10 common startup mistakes: #4 new solution = no competitors

September 14, 2017 by Lee Erickson
The forth installment of a 10 post series on common startup mistakesMistake 1, 2, 3, 4, 5, 6, 7.

Being unique doesn’t mean you don’t have competitors.

Over the years of asking entrepreneurs who their competitors are, I often got the response, “Nobody does what I do. Most companies only do X but I do X, Y, and Z.” Or, they claim that this is a totally new idea that has never been done before, so there really aren’t any competitors. I’ve heard this from startups as well as CEOs of existing businesses.

While you may have indeed created a one of a kind solution, you do go head to head with others in terms of competing for your customer’s time, attention, and money.

It’s not about what your solution does. It about who, or what, your target customer turns to as a potential way to solve their problem or meet their need. Knowing what other solutions your customers use (or could use), is key to helping you identify the value that you can provide that others don’t (or can’t).

  Competition is always a good thing. It forces us to do our best.
~ Nancy Pearcey

How do I identify all my competitors?

Ask potential customers.

While you’re asking questions of potential customers to learn more about the problem/need that they have, also ask them about how they are currently trying to solve the problem.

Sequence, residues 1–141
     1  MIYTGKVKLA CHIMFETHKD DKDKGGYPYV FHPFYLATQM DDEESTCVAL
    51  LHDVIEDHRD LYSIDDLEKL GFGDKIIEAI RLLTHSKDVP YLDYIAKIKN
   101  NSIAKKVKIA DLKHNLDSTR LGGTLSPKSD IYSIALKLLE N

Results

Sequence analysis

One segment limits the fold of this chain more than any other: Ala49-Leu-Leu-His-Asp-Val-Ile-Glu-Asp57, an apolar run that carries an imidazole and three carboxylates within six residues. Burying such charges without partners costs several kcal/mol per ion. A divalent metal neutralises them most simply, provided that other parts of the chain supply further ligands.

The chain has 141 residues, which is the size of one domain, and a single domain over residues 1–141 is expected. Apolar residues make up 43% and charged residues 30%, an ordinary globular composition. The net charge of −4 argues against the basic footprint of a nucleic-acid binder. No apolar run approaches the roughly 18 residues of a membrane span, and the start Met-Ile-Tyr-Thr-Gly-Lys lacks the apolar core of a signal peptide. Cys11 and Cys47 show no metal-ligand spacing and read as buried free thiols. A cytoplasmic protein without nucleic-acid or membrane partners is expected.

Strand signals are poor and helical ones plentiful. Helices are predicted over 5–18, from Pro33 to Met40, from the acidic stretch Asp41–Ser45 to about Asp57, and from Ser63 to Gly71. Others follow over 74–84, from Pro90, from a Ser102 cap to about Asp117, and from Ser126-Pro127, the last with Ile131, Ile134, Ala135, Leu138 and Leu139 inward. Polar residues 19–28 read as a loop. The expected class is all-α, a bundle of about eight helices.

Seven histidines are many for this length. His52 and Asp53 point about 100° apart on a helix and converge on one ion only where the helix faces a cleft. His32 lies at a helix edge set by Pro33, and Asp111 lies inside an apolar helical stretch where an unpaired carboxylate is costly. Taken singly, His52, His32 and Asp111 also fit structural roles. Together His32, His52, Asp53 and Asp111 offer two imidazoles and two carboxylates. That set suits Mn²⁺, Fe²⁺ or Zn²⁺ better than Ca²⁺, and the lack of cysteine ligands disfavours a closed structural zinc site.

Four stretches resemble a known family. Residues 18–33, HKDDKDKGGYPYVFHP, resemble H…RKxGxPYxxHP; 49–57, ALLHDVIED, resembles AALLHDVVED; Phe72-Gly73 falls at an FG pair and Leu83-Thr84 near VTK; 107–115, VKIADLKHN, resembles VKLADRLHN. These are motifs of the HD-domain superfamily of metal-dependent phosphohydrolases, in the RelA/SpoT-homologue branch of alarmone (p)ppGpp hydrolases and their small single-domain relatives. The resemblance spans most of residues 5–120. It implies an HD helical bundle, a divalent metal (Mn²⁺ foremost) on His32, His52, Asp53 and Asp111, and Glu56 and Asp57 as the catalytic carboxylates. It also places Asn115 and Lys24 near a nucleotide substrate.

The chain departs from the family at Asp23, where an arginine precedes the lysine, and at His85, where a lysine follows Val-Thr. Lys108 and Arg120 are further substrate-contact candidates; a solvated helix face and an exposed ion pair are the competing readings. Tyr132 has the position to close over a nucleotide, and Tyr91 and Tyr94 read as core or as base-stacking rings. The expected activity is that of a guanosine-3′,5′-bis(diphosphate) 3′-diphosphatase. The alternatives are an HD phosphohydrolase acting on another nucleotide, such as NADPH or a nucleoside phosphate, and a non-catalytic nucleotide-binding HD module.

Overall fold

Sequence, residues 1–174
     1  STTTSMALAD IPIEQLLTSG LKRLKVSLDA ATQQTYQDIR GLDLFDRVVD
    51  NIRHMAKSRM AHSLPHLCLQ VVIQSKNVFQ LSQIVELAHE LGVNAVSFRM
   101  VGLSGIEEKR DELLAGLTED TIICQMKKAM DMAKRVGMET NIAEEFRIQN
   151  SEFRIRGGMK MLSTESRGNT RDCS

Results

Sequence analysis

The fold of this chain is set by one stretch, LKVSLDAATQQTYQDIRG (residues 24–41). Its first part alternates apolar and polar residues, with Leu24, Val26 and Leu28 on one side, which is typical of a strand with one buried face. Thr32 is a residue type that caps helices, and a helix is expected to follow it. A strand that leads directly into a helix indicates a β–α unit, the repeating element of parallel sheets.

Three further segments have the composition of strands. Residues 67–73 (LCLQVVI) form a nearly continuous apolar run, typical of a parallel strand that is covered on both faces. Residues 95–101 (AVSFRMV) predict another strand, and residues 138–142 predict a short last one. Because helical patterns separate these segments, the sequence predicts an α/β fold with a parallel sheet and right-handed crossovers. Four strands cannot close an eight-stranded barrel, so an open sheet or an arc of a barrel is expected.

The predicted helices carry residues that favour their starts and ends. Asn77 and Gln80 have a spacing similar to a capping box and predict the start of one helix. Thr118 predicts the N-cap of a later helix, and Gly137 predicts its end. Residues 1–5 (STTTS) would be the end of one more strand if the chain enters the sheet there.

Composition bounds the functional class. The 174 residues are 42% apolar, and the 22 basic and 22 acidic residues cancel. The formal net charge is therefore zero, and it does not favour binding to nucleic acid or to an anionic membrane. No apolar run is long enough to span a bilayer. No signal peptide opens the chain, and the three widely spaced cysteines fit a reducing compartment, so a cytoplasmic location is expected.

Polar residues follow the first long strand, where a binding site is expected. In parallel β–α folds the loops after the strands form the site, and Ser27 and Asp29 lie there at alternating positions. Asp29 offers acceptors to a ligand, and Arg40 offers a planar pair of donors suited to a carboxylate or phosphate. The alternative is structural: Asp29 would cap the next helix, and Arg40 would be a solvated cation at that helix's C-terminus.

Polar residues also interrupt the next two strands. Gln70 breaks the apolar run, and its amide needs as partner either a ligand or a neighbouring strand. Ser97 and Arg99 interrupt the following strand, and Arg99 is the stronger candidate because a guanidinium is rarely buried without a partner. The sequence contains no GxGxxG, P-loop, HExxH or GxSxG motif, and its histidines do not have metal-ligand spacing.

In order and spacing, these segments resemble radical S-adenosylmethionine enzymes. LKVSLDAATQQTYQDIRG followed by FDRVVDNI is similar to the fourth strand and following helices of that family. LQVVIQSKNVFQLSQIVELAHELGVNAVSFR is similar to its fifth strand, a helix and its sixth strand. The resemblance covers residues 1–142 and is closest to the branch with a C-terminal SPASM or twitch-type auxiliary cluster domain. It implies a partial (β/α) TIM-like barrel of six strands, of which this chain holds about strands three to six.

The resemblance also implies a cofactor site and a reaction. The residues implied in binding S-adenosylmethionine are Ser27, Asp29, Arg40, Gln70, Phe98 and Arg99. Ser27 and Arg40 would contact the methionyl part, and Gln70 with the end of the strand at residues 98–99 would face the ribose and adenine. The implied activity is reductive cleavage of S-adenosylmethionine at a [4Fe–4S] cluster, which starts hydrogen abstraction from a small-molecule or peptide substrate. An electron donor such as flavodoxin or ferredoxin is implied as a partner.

What have they already tried? How’s that working for them?

In fact, you can learn a lot from people who have already solved the problem in terms of where they turned, the value they received, and the value that they may be missing.

Google what your customer would.

A great way to find potential competitors is to get inside your customer’s head. Think about what they would do to find a solution to their problem. Then Google it. Look at both the natural search results as well as the ads.

See what others say about them.

You can also learn a lot from what others are saying online. Google reviews of your competitor’s products and their customer services. Look for reviews from credible sources such as industry report or influential bloggers.

Compile and compare.

For each competitor makes notes about:

  1. The products/services they offer.
  2. How the product actually works (sign up for it, download it, try it out).
  3. What claims they make (benefits, value, “secret sauce”).
  4. What their main message is (typically big and bold on the home page).
  5. What others say about what they offer.

This is critical if you are going to be able to sell against them. Having this level of knowledge about potential competitors allows you to more easily identify potential opportunities (i.e., where you can fill a gap that others have missed).

Resources to check out:

There are a number of resources that you can use to help you manage the friend/co-founder relationship:

COMING UP: MISTAKE #5…building something = progress

Apply to our summer program now.